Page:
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Iwo Jima Marines Photo Adaptation Depicting The Gay Pride Flag Ignites Outrage!

Iwo Jima Marines Photo Adaptation Depicting The Gay Pride Flag Ignites Outrage!

More than a decade ago, photographer Ed Freeman set out to capture the gay rights struggle in a photograph for the cover of Frontiers, a gay magazine. To do so, he relied on an image — the flag-raising at Iwo Jima — that has been imitated and adapted countless times since it was captured in the midst of one of America’s bloodiest battles.

The photograph was taken Feb. 23, 1945, four days into an operation that would rage for more than a month. Associated Press photographer Joe Rosenthal snapped the image as five Marines and a Navy corpsman raised an American flag on Mount Suribachi, the highest summit on the Pacific island. Within weeks, three of those Marines were killed in combat, putting them among the 6,821 American fatalities on Iwo Jima. An additional 19,000-plus U.S. troops were wounded, and more than 18,800 Japanese troops also died.

[A stirring visual presentation of World War II and the deaths it caused]

Rosenthal’s photograph received a Pulitzer Prize, and became the centerpiece of a multi-billion dollar war bond effort. It also inspired the Marine Corps War Memorial, the equally iconic bronze monument at the entrance to Arlington National Cemetery that was erected in honor of all Marines killed in combat. In short, Rosenthal’s image became — and remains — a spiritual force.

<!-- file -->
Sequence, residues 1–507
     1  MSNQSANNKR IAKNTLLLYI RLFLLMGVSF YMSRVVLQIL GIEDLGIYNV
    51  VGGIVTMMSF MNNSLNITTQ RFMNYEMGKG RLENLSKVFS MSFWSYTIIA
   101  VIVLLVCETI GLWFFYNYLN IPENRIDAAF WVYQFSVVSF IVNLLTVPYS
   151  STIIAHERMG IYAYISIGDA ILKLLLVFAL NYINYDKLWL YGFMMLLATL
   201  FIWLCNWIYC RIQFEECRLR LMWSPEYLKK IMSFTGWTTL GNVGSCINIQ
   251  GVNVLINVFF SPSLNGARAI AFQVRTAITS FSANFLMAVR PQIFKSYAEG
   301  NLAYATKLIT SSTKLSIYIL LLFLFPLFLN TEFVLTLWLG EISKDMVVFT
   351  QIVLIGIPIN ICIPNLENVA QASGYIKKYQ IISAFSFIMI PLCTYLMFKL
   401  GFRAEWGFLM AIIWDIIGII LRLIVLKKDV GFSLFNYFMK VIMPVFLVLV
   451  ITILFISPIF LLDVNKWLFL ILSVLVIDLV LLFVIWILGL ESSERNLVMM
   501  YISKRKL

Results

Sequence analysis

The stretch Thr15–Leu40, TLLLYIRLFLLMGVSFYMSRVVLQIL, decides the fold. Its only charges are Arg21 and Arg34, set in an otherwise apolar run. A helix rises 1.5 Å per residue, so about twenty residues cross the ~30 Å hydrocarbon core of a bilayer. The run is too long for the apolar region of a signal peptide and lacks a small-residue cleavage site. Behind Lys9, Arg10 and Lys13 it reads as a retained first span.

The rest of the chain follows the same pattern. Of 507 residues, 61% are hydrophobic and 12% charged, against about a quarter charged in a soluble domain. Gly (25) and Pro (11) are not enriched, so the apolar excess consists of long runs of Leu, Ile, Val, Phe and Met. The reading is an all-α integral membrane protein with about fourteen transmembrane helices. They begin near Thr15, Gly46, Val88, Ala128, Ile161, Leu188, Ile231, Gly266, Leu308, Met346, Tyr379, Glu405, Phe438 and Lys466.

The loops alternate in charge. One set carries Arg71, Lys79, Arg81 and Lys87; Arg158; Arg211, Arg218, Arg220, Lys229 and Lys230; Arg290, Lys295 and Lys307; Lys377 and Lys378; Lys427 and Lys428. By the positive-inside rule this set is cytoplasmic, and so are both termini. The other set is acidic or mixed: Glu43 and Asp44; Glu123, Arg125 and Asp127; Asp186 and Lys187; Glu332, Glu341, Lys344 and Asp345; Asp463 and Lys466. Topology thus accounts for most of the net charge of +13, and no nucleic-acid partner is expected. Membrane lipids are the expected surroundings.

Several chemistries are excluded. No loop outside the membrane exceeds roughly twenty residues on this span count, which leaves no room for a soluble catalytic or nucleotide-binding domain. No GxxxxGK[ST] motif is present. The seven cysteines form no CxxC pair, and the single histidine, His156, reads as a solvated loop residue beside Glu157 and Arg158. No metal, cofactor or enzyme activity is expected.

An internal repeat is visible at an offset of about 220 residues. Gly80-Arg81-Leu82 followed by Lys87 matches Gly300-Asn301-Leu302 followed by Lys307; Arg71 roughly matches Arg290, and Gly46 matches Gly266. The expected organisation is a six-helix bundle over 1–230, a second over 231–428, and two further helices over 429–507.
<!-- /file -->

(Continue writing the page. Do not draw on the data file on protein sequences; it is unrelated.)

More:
Freeman found that out the hard way last week. More than a decade after his adaptation of the photograph was published, it circulated on social media following the Supreme Court’s decision Friday to allow same-sex marriage in all 50 states.

That prompted a backlash against Freeman — including a death threat he says he reported to the FBI.

“He said if he ever saw me, he’d kill me,” Freeman said in a phone interview. “I got swamped with vitriolic hate mail.”

Reaction on Twitter was mixed:

Freeman, who is gay, also was blasted on Facebook after posting his gay pride Iwo Jima image along with a message saying it never occurred to him that it would “someday come to symbolize the victory we are celebrating today.”

When I took this picture almost ten years ago, it never, never occurred to me that it would someday come to symbolize the victory we are celebrating today. Congratulations to all of us! Love to you all.


Source:  Washington Post

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